Defending Maritime Interests in the Indo-Pacific: Regional Powers and the South China Sea Disputes


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When: Sep 16 2019 - 12:00pm until Sep 16 2019 - 1:30pm
Where: 1819 L St NW, Suite 600, Washington, DC 20036

Defending Maritime Interests in the Indo-Pacific: Regional Powers and the South China Sea Disputes

An Indo-Pacific Foreign Policy and Defense Seminar featuring:

Dr. Rebecca “Bec” Strating
Asia Studies Visiting Fellow,
East-West Center in Washington

Dr. Ellen L. Frost (Moderator)
Senior Advisor & Fellow, East-West Center in Washington

Defending Maritime Interests in the Indo-Pacific: Regional Powers and the South China Sea Disputes from East-West Center on Vimeo.

Over the last decade, territorial and maritime disputes in the South China Sea (SCS) have intensified. The disputes are complex and multifaceted: they include overlapping sovereignty and maritime jurisdictional claims; contests over freedom of Left to right: Dr. Rebecca Strating and Dr. Ellen L. Frostnavigation; and concerns over militarization, artificial island-building, and the use of ‘grey zone’ tactics. The SCS has become a highly visible microcosm of broader disputes between the U.S.-led regional security order, challenging conceptions of order that see a bigger role for rising powers in generating new rules and providing alternative interpretations of international law. The United States’ 2019 Indo-Pacific Strategy Report outlined expectations that allies and partners would contribute to defending the regional ‘rules-based order’ by adequately resourcing their own defense; strengthening interoperability with the U.S.; promoting Indo-Pacific initiatives; and, importantly, ‘flying, sailing, and operating to uphold international laws and norms’ in and above the seas. Given the emphasis on security networks as a crucial plank in defending the rules-based status quo, a key question is whether these states share similar conceptions of regional order, maritime rules, and strategic interests. What are the stakes for regional non-claimant states in specific theaters of contestation, such as the South China Sea? How do these states act to preserve their interests? This presentation will attempt to address these questions by comparing the interests and approaches of regional, middle, and small Indo-Pacific states.

Read Dr. Strating's Asia Pacific Bulletin on this issue. 

 For more images, please visit the album for this event on the East-West Center's Flickr page. 

Dr. Strating is a Senior Lecturer in Politics and International Relations in the Department of Politics, Media and Philosophy at La Trobe University in Melbourne. Her current research interests include maritime disputes in the Indo-Pacific and Australian foreign policy. Bec received her PhD in politics from Monash University, Victoria in 2013. In her academic career, she has published two monographs, numerous scholarly articles, and book chapters. Her latest book, The Post-Colonial Security Dilemma, was published by the Institute of Southeast Asian Studies in 2019. In 2018, her article on the Timor Sea maritime dispute was awarded the prestigious Boyer Prize by the Australian Institute of International Affairs for best article published in the 2017 Australian Journal of International Affairs. Bec contributes regularly to public debates about politics and foreign policy in media and policy forums, and has testified in Australian federal parliament as an expert witness. She tweets at @becstrating.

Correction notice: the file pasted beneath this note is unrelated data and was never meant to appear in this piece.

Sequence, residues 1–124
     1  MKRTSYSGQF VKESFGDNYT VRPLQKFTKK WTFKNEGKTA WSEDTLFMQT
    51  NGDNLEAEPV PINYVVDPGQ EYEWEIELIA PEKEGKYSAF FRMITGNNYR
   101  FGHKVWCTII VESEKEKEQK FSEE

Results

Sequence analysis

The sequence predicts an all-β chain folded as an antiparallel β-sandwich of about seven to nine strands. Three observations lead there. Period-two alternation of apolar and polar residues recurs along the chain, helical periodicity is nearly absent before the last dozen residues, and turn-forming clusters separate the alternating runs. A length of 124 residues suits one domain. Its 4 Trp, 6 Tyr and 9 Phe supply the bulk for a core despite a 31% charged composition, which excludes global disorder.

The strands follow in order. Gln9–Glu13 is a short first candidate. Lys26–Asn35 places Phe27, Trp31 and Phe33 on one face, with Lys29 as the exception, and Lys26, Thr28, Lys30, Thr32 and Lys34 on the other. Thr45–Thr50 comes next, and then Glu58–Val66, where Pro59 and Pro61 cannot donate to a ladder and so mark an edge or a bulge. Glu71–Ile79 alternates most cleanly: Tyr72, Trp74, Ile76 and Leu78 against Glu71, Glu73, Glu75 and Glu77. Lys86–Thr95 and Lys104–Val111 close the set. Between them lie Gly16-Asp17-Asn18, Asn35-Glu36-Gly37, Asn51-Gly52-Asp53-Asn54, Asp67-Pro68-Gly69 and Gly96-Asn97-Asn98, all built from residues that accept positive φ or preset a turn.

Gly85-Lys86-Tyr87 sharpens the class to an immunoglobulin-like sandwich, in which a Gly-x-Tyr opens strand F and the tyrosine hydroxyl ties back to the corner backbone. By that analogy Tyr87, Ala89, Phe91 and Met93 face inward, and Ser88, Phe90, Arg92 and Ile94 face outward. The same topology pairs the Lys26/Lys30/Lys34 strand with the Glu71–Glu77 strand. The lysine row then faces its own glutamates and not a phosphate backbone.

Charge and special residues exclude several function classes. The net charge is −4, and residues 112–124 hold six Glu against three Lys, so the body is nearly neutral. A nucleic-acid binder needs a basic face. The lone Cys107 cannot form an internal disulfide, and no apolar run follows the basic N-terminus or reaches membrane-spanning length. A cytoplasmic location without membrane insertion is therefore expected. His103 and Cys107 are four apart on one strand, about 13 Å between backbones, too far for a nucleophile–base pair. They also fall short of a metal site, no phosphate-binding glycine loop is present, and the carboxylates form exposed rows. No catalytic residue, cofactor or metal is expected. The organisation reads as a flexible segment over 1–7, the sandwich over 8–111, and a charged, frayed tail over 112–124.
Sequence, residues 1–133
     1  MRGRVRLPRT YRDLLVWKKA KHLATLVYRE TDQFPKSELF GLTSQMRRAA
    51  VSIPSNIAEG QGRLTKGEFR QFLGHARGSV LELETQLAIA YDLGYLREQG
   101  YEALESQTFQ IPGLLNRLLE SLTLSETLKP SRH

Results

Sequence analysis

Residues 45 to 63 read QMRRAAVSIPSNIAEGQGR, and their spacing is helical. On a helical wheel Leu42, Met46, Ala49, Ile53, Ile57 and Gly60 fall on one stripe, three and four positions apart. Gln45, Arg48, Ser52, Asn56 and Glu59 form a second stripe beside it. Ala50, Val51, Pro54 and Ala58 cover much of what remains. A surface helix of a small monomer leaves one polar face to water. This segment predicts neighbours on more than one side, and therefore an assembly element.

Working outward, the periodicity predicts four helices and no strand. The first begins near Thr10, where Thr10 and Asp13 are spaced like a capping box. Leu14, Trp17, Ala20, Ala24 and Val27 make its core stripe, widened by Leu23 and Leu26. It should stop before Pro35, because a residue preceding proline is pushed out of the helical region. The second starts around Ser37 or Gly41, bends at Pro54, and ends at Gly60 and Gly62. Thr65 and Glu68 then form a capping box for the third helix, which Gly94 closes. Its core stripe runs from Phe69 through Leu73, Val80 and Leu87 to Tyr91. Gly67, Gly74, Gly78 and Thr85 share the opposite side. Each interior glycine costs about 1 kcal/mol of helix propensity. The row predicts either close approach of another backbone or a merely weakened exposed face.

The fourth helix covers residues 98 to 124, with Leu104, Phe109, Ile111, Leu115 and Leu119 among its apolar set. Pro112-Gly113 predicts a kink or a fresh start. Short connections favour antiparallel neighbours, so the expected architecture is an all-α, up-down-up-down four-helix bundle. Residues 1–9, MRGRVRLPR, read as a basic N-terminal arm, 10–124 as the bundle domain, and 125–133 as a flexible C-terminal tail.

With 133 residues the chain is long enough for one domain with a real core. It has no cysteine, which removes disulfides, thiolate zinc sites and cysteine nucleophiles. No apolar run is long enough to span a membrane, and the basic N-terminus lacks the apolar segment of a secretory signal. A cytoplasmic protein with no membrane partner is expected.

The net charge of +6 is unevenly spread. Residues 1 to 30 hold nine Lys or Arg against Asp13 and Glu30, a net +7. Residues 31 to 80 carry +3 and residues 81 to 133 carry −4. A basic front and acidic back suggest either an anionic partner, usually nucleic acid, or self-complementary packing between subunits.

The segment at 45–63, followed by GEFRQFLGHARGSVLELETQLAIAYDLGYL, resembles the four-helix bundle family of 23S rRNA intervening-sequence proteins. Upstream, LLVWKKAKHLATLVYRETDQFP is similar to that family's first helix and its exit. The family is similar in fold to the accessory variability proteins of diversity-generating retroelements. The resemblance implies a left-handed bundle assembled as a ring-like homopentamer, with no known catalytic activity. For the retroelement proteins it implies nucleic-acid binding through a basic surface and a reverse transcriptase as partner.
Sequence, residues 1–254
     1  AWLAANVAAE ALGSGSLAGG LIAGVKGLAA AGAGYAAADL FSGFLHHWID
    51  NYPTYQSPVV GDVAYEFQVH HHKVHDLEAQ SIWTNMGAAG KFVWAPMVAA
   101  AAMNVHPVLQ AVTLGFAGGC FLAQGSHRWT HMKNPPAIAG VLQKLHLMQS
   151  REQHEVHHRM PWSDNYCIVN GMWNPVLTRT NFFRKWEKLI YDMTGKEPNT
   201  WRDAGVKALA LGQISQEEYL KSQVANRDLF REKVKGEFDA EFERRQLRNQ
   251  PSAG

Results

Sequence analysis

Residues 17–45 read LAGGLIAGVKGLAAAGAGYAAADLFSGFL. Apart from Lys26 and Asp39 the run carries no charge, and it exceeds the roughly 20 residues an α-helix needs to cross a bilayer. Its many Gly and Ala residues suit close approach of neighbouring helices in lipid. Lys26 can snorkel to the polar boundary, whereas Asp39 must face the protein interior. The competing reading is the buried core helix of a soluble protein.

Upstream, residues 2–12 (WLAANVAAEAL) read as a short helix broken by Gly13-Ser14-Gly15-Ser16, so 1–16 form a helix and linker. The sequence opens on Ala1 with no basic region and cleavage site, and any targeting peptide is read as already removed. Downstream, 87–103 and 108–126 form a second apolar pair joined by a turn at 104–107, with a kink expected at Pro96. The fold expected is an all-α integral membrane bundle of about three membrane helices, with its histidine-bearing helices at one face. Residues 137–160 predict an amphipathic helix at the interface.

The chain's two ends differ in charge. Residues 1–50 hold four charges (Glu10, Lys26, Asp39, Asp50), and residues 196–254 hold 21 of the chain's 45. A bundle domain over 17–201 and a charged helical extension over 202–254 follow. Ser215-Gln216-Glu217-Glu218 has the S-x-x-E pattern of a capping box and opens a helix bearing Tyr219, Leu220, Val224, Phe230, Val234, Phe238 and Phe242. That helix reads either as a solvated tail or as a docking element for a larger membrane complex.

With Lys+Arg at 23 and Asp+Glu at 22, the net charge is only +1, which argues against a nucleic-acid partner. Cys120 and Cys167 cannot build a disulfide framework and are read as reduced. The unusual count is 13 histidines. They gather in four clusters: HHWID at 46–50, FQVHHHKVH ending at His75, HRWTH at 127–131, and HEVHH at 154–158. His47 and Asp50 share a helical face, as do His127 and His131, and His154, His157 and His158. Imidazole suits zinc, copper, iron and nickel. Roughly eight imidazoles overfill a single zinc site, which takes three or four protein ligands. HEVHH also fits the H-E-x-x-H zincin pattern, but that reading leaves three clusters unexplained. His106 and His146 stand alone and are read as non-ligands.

Dr. Ellen L. Frost is a Senior Advisor and Fellow at the East-West Center and a Visiting Distinguished Research Fellow at the National Defense University's Institute of National Strategic Studies. She writes and lectures frequently on Asia-related topics, especially Indo-Pacific political-economic issues and their strategic and security implications. Her most recent book is Asia's New Regionalism. She is also the author of For Richer, For Poorer: The New U.S.-Japan Relationship and Transatlantic Trade: A Strategic Agenda. Dr. Frost previously served in the US government as Counselor to the US Trade Representative (1993–95), Deputy Assistant Secretary of Defense for International Economic and Technology Affairs (1977-81), various positions in the Treasury Department (1974–77) and the State Department (1963), and as a legislative assistant in the US Senate (1972–74). During the 1980s she worked for two multinational corporations. From 1996 to 2014 she was a senior fellow and subsequently visiting fellow at the Institute for International Economics. She received a B.A. from Radcliffe College, an M.A. from the Fletcher School of Law and Diplomacy, and a Ph.D. in Government from Harvard University.

Primary Contact Info:
Name: Sarah Wang
Phone: 2023279755